“Large one-sided executions by systemically important firms in the OTC derivatives markets were key creators of systemic risk contributing to the crisis of 2008. Under stress, even very large firms with one-sided positions can fail, as demonstrated by AIG. Such failures may lead to further insolvencies, thus creating system-wide distress,” said Professor Engle. “In a world where most OTC derivative trades were not cleared, the natural mitigant of this risk was increasing execution costs as these exposures become better known in the market, but this was always hampered by incomplete information and hence not particularly effective.
“Standardizing OTC derivatives contracts and requiring standardized contracts to be cleared through CCPs will not eliminate this systemic risk, but rather will merely transfer it to the CCPs and, by extension, to those market participants relying on the viability of the CCPs,” he argued. “Further, since the existence of a CCP obviates the need for individual counterparties to charge more for executions that increase large one-sided positions, the central counterparty itself must institute alternative processes and procedures that effectively mitigate the risks created by large, concen-trated positions.”
Professor Engle recommended that these should include concentration and possibly credit-based margins, particularly when the maximum loss is very big relative to natural margins as in credit default swaps. “In any event, regulators, and particularly the Financial Stability Oversight Council, should pay particular attention to these issues as the systemic risks posed by central counterparties will increase with the increased clearing of OTC deriv-atives. Fortunately, these institutions are easily identified and regulated,” he added. ‘A collective challenge’ Participants at the conference, “Managing Counterparty and Systemic Risk under Dodd-Frank,” included regulatory officials from the CFTC, Securities and Exchange Commission, Federal Reserve Board of New York, academics, senior members at top-tier financial firms and key congressional staffers. The conference was held at the Henry Kaufman Management Center at the NYU Stern School of Business in New York City.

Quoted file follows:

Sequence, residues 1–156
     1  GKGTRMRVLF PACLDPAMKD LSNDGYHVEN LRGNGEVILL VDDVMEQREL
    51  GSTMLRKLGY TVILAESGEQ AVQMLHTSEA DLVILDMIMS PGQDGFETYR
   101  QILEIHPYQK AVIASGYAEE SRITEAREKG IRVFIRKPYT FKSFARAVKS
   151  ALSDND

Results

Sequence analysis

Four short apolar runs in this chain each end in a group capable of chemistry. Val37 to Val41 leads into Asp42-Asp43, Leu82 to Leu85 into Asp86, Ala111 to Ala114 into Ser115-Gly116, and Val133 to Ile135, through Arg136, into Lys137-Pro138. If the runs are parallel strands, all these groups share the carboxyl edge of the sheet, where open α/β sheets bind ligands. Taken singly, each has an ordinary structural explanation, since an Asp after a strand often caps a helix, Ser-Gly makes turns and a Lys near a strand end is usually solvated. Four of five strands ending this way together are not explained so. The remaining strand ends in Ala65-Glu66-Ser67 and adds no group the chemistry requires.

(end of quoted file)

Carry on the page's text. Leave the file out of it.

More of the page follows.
“Our shared aim with NYU Stern is to host a timely forum to explore issues that meet at the intersection of public policy, regulatory inter-pretation and market experience,” said Donald F. Donahue, DTCC chairman and CEO, during his welcoming remarks. “The rulemaking process here in the U.S. is moving at warp speed as regulators look to propose, revise and finalize hundreds of new rules that will literally transform market structure in virtually every area of financial services – and to do it all by the July 2011 legislative deadline mandated by Congress.
“I can tell you from my conversations with our regulators that they understand the magnitude of this responsibility – and we recognize the transformative change their actions will have on global markets and the global economy. Our collective challenge, therefore, is to help regulatory agencies write new rules that effectively meet their goals of greater risk mitigation and transparency while still maintaining the compet-itiveness, efficiency, liquidity and robustness that have long characterized the U.S. marketplace.”
NYU Stern School of Business has a long history of sponsoring topical and insightful forums that provoke discussion about key issues shaping the financial marketplace. Recently, 40 Stern professors authored a book, “Regulating Wall Street,” which assesses the strengths and weaknesses of Dodd-Frank. @